Ch15T1-4.txt

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aphy101
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281768
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Ch15T1-4.txt
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2015-01-14 17:11:18
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profmwinston
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Chapter 15 Topics 1-4
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  1. The closed system of blood circulation, consisting of the heart and its vessels.
    Cardiovascular System
  2. Sends oxygen-poor blood to the lungs to pick up oxygen and unload CO2.
    Pulmonary Circuit
  3. Sends oxygen-rich blood and nutrients to all body cells and removes wastes.
    Systemic Circuit
  4. Oxygenates blood to the heart muscle tissue.
    Coronary Circuit
  5. List the 3 Circuits of blood flow found in the body.
    1) Pulmonary 2) Systemic 3) Coronary
  6. A covering that encloses the heart and the proximal ends of the large blood vessels to which it attaches.
    Pericardium
  7. An outer, fibrous bag of the pericardium that surrounds a delicate, double-layered serous membrane.
    Fibrous Pericardium
  8. The innermost layer of the serous membrane that covers the heart.
    Visceral Pericardium
  9. Forms the inner lining of the fibrous pericardium at the base of the heart.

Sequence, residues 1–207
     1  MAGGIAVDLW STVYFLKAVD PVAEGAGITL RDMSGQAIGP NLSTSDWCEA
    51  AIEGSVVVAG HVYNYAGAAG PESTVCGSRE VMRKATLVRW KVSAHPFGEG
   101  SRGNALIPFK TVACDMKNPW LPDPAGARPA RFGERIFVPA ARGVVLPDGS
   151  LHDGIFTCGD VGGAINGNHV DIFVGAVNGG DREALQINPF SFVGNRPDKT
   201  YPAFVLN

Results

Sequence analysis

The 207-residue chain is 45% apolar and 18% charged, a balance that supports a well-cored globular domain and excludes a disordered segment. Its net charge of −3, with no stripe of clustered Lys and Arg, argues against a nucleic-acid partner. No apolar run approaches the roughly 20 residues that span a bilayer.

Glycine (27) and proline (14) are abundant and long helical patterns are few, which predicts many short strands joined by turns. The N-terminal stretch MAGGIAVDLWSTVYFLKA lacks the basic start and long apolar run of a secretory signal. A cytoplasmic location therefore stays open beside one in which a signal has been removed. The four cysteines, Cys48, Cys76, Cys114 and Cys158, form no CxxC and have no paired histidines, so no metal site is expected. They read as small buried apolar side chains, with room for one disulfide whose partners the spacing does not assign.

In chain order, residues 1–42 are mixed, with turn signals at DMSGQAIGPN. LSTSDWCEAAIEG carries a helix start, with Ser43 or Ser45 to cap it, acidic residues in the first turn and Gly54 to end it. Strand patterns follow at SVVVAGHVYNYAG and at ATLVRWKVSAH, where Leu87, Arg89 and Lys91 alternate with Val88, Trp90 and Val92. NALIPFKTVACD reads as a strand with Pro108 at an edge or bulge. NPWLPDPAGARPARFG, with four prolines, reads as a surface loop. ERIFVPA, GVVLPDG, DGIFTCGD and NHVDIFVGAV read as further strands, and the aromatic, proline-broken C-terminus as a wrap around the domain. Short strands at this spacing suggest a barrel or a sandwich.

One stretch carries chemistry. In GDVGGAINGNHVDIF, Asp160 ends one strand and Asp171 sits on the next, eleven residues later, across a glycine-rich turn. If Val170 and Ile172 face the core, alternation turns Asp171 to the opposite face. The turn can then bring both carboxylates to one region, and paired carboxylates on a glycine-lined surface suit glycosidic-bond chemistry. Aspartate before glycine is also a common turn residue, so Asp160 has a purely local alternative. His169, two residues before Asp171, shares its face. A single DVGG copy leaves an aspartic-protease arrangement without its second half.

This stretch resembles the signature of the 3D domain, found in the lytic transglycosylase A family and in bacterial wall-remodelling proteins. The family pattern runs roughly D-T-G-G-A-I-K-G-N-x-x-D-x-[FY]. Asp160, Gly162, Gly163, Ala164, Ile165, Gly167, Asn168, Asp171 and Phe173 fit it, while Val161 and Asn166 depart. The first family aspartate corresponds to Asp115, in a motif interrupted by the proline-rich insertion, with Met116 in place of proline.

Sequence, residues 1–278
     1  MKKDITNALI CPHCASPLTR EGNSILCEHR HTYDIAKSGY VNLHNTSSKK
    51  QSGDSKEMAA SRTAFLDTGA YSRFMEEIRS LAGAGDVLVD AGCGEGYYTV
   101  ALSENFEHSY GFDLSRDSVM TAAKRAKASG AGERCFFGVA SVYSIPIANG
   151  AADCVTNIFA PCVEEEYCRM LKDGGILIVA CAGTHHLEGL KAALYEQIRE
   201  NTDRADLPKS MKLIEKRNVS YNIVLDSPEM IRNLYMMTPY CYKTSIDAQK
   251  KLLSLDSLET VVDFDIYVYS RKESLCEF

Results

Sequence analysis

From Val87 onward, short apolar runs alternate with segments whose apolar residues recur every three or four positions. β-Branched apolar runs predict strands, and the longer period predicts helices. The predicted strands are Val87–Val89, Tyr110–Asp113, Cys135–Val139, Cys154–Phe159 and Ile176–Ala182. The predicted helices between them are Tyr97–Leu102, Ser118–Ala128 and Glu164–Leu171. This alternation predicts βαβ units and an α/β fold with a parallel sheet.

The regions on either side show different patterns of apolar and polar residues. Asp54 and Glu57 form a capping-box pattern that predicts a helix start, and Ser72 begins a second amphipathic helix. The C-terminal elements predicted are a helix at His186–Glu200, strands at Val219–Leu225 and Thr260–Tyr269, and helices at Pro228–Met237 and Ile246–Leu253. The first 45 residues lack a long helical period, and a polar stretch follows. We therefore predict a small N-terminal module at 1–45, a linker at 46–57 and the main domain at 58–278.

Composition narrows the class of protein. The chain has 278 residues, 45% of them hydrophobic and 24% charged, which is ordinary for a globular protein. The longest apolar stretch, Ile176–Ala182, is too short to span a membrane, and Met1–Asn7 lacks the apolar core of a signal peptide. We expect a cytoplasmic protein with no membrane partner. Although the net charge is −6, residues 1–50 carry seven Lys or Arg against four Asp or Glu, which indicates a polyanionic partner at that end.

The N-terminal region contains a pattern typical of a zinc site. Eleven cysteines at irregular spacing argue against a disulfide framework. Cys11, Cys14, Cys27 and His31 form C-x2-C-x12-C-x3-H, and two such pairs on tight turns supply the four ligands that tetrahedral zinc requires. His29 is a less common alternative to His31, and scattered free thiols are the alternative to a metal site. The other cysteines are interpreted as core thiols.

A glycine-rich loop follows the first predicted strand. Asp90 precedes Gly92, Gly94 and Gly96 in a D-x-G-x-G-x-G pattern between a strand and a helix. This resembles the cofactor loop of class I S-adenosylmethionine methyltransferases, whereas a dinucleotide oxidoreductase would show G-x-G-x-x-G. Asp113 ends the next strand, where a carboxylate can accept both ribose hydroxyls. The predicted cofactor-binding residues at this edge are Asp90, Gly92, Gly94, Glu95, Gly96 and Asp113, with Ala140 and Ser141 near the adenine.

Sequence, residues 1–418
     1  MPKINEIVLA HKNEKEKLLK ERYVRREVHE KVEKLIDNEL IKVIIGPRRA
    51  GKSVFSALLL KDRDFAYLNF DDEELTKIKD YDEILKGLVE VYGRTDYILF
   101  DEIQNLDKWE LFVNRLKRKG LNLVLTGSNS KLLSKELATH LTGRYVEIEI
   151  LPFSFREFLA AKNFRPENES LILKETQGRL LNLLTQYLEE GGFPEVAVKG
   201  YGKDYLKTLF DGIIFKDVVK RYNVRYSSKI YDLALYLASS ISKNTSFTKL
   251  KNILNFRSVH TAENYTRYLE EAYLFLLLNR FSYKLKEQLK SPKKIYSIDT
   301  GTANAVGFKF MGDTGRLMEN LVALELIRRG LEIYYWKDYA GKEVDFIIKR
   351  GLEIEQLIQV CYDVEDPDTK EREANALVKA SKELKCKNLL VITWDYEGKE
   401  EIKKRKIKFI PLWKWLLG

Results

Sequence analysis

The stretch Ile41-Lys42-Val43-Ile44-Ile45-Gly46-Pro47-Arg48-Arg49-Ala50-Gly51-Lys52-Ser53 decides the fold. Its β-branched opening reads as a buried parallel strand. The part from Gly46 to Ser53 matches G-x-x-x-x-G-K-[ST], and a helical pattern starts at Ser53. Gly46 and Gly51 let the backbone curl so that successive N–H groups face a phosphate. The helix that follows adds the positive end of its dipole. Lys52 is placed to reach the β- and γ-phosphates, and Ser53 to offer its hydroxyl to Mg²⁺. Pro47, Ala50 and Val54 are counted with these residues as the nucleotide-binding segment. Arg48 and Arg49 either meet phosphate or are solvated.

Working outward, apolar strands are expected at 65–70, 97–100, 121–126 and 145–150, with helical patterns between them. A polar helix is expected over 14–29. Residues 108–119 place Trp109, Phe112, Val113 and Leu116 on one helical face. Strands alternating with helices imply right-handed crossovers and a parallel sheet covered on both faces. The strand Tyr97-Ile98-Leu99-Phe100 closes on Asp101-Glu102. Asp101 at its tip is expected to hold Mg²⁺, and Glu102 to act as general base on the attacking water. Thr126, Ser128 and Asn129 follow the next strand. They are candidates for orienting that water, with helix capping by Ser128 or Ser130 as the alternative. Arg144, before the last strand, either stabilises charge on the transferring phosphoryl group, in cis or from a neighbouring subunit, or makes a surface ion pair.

Parietal Pericardium
  10. List the 3 coverings of the heart in correct order.
    1) Fibrous Pericardium 2) Parietal Pericardium 3) Visceral Pericardium
  11. The space between the parietal and visceral layers of the pericardium that contains serous fluid, secreted by the pericardial membranes, that reduces friction between them when the heart moves within them
    Pericardial Cavity
  12. Layer of the heart wall that is a serous membrane covered with epithelium that forms a protective outer covering and secretes serous fluid.
    Epicardium (Visceral Pericardium)
  13. Layer of the heart wall that is cardiac muscle tissue separated by connective tissue that contracts to pump blood out of the heart chambers.
    Myocardium
  14. Layer of the heart wall that is a membrane of epithelium and underlying connective tissue that forms a protective inner lining of the chambers and valves.
    Endocardium
  15. List the 3 layers of the wall of the heart from the outside in.
    1) Epicardium 2) Myocardium 3) Endocardium
  16. The upper chambers of the heart that have thin walls and receive blood returning to the heart.
    Atria
  17. Small, earlike projections that extend anteriorly from the atria, slightly increasing atrial volume.
    Auricles
  18. The lower chambers of the heart that force the blood out of the heart into arteries.
    Ventricles
  19. List the four chambers of the heart.
    The upper left and right atria, and the lower left and right ventricles
  20. List the two receiving (passive) chambers of the heart.
    The Atria
  21. List the two pumping (active) chambers of the heart.
    The Ventricles
  22. Why are the atria considered "passive" and the ventricles considered "active?"